Why should it matter which sex the baby is? Why is “family balance” cited as a reason to sex select? Perhaps the balance comes from the makeup of the individual personalities in a family, or maybe from parents who plan for the right number of children, not the gender of them.

Personally, I cannot support the practice of sex selection for anything other than sex-linked genetic disease prevention (and even this makes me feel a little uncomfortable, frankly).

I’m curious to know if men and women are equally disturbed by the practice of sex selection… What do you think?

This post originally appeared on Dr. Val’s blog at RevolutionHealth.com.

Nurses escape death penalty

Makes being a nurse in the US seem like a cake walk, right?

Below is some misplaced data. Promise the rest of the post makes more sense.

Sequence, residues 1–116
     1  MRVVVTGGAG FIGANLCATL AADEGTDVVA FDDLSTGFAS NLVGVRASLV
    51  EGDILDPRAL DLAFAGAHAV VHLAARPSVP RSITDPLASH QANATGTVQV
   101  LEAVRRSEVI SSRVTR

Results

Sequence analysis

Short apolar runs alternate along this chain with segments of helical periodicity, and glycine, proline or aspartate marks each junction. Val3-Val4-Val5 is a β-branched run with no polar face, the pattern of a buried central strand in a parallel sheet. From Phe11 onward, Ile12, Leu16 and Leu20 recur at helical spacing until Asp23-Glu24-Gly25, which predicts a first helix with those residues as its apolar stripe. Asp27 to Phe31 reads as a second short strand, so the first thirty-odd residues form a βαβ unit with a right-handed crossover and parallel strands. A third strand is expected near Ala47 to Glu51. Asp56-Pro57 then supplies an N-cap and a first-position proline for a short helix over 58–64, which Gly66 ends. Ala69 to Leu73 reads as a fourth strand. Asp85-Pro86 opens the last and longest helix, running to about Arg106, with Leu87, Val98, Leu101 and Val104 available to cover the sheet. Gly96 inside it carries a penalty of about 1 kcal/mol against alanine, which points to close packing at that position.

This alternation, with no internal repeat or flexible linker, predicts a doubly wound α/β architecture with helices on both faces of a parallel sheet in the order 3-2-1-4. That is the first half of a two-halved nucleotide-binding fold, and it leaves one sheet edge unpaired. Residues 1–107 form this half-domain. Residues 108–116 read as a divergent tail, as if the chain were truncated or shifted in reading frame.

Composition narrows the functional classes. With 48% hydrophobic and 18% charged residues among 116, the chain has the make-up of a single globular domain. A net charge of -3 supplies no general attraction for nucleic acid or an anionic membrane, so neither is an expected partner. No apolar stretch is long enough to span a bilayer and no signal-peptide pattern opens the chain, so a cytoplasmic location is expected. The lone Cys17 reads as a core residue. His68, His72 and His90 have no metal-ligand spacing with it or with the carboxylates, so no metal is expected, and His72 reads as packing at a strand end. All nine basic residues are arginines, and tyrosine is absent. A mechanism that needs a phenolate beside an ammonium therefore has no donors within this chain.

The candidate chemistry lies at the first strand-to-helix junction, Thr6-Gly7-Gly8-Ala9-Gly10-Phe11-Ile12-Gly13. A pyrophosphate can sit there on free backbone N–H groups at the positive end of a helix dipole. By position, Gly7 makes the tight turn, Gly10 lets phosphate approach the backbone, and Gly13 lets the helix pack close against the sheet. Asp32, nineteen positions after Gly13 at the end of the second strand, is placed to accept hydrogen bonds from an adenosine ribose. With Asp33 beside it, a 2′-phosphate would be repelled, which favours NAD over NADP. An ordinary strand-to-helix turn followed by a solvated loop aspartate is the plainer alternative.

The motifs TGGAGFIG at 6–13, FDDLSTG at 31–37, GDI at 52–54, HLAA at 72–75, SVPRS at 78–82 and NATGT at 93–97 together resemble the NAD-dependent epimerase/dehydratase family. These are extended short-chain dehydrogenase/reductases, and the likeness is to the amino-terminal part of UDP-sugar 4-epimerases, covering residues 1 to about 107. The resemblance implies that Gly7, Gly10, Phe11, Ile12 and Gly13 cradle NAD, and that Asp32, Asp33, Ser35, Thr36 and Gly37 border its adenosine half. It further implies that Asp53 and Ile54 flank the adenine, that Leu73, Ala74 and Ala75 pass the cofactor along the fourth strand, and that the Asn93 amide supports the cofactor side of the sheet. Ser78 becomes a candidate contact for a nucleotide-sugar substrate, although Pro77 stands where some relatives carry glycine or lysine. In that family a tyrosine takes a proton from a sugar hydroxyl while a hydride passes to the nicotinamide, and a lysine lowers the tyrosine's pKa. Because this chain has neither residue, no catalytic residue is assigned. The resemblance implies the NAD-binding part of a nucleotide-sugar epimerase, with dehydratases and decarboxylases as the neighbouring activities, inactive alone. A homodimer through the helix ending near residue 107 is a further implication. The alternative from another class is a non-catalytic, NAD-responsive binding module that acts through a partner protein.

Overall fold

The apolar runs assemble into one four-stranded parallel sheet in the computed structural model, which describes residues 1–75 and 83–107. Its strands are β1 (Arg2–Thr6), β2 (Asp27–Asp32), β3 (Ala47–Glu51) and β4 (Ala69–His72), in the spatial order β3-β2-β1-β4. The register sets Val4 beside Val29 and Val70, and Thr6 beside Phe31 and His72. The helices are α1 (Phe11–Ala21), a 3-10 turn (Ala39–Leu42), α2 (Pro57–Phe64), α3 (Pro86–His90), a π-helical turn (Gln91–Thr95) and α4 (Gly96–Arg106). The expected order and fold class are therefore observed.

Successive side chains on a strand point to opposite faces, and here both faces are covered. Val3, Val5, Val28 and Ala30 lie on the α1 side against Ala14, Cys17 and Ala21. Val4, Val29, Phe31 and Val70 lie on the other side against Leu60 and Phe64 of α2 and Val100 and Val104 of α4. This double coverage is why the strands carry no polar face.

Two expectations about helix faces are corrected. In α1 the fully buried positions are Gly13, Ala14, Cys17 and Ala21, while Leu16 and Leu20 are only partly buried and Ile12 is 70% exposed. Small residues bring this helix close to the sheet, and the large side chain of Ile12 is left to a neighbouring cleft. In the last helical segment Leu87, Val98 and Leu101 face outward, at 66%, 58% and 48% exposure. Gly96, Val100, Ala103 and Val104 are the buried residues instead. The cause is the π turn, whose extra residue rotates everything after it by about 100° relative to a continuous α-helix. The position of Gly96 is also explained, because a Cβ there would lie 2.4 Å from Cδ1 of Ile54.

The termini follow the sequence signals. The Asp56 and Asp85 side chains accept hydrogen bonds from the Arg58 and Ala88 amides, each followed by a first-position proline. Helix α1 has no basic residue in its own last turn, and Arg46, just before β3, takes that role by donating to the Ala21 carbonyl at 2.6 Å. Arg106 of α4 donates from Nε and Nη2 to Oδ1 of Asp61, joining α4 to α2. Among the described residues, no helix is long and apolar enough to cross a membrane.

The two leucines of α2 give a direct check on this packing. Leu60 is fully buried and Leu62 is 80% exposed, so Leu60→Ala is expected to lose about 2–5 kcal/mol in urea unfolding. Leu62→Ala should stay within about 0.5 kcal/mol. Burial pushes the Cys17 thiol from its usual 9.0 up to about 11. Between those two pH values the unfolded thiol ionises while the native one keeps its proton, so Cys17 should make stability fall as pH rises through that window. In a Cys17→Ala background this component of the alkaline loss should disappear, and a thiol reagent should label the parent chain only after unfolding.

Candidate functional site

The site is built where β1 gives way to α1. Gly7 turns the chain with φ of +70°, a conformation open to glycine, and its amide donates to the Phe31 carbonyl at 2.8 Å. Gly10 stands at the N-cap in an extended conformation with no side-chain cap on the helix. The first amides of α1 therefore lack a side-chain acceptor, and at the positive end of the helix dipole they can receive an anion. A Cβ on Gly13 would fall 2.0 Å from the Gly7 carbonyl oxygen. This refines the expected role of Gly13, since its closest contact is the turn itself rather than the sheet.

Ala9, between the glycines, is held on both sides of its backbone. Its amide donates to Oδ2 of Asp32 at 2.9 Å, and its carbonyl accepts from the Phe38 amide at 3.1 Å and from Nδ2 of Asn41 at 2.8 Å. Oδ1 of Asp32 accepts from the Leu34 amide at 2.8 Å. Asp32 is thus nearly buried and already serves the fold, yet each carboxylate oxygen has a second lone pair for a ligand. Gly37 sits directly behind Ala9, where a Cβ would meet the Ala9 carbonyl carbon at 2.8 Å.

“The son of Libyan leader Moammar Gadaffi said five Bulgarian nurses and a Palestinian doctor condemned to death by a Libyan court had received unjust verdicts and that they would not be executed, a Bulgarian newspaper reported on Monday.

A Libyan court last month convicted the five Bulgarian nurses and a Palestinian doctor of intentionally infecting more than 400 Libyan children with HIV, despite scientific evidence that the youngsters had the virus before the medical workers arrived in Libya. It sentenced all the medical personnel to death.

‘The original files were manipulated and there were many mistakes, but it was the fault of the police officers and investigators who handled the case at the initial stage.’”